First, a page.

Although our trek through the Annapurna Conservation Area was all about the mountains (or at least, for me it was), the foothills had a beauty that was worth the passage in its own right. We started our journey from the hamlet of Phedi, at the roadside running north away from Pokhara. Up a staircase for a couple of hours to the little town of Dhampus, where we spent the first night, then on through the Maoist checkpoint and into Annapurna country proper. The path varies, from winding, uneven staircases that break the heart on the way up and the knees on the way down, to overhung forests of rhododendron and other matted trees, dense and moist and cool out of the strong sunlight. The path doesn’t stay on one level for more than a few minutes at a time. No sooner have you crested one ridge than it’s time to plummet down into the next valley, and within a few minutes you’ve undone all the good climbing work you’ve sweated out for the previous three hours.
But this ‘gentle’ hill-country (gentle when compared to the fierce and sweeping heights of the Himalayan peaks that surround) is well worth it for its own sake. The forests are full of life and sweet, clean air that fills the lungs. The villages- each with its own tea-houses for weary trekkers- thrive off the back of the tourist trade, but have a benevolent simplicity about them. Truth be told, despite the physical nature of the journey across these valleys, it’s quite a relaxing experience. We’d start early in the morning, take a tea-break by ten, a ninety-minute lunch-break by noon, and be off the trail by three and looking for ways to fill our time outside another little guest-house, until the passing of the sun left us too cold to be outdoors again. These Sherpas will tell you they’re all about the mountain-climbing, but I reckon they’ve gone soft…
Day two, the afternoon after leaving Dhampus, we come across the panorama above. Steep terraced hillsides notched into the slope with the contours, green and glowing beneath a clear blue sky. Above it all, Annapurna South basks in the afternoon sunshine, and between it and its shoulder-peak Hiun Chuli, the crown of the gargantuan Annapurna I, 10th highest mountain on Planet Earth, can be made out just behind and to the right of Annapurna South, slightly masked by wisps of cloud.
We spent the night just around the spur you see here, in the quaint little village of Landruk. These lower villages have a certain charm that is lost higher up, in that these are genuine settlements in their own right, and although they take a huge portion of their income from the tourist trade, so too there are shopkeepers and farmers and herders and schoolteachers and children and all the other trappings of rural life. I assume that living in a place like this, growing up beneath a mountain such as Annapurna, you become a little blasé about it. I wonder if the villagers stop seeing it after a while? But then, growing up in Switzerland I never tired of seeing Mt. Blanc towering behind the lake, so maybe they don’t.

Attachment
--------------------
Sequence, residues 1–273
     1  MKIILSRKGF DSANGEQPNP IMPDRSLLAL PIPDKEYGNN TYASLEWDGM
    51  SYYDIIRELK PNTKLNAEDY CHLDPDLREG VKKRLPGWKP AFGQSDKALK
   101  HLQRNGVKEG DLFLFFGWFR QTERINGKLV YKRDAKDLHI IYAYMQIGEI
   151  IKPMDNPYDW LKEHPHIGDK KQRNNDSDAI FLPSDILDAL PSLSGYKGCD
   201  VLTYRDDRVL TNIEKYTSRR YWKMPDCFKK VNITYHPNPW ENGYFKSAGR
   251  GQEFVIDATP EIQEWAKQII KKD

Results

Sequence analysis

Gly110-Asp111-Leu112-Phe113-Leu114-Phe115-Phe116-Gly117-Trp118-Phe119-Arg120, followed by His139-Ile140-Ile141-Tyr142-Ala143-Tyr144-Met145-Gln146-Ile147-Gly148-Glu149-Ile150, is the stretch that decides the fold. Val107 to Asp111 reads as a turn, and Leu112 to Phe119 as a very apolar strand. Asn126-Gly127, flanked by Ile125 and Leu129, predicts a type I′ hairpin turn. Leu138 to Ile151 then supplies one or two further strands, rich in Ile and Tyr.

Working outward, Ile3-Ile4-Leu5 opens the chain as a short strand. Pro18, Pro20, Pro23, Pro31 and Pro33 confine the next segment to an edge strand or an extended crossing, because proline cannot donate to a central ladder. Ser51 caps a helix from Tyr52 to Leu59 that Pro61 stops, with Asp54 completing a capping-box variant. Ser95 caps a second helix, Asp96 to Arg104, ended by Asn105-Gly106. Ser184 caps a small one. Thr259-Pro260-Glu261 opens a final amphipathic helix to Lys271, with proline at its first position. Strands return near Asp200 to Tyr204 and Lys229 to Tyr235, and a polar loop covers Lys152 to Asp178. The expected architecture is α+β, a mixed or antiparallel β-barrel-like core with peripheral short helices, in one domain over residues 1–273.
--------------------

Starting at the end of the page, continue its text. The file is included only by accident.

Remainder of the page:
From Landruk it’s another day to Chomrong, memorable for the two-thousand-step staircase that is Main Street. I kid you not- there is over a vertical kilometre between the top of the town and the houses near the river at the bottom. If you had to commute here you’d keep fit and healthy, no doubt about it. From Chomrong inwards, virtually all of the settlements are seasonal, existing only to cater to trekkers, and once the winter snows roll in and the passes into the Annapurna Sanctuary close, they empty for the season. Places like Bamboo, Deurali, and half a dozen other little blue-roofed hamlets spotted along the footpath that skirts the Modi Khola river between Machapuchare and Hiun Chuli. These places are set in stark landscapes of rock and the dwindling forest as the altitude climbs. Tall cliffs rise up around them and the scenery is striking. They’re exciting to be sure. But they have none of the beautiful simplicity and lush variety that makes the hill-country such a pleasure to trek through.
1. Foothills: Terraces and homes as the trail approaches Landruk in the Annapurna Conservation Area. Annapurna South (L- 7,219m), Annapurna I (C- 8,091m), Hiun Chuli (R-6,441m).
2. Chomrong Marigolds: Flowers frame Annapurna South and Hiun Chuli in early morning sunlight. Minutes later we were descending 2,000 steps…
3. Annapurna Massif: The eastern arm of the Annapurna Himal is viewed from a ridgeline a little north of Dhampus. Annapurna IV (7,525m) is the pointy bit at the leftwards edge, and Annapurna II (7,939m) is the giant bare-faced pyramid behind and to the right. Lamjung Himal (6,931m) is the other prominent peak to the right side of the range. It should be noted that the four Annapurnas are numbered not in any geographical location to one another (indeed there are a host of named peaks between Annapurna I and Annapurna II) but in descending altitude.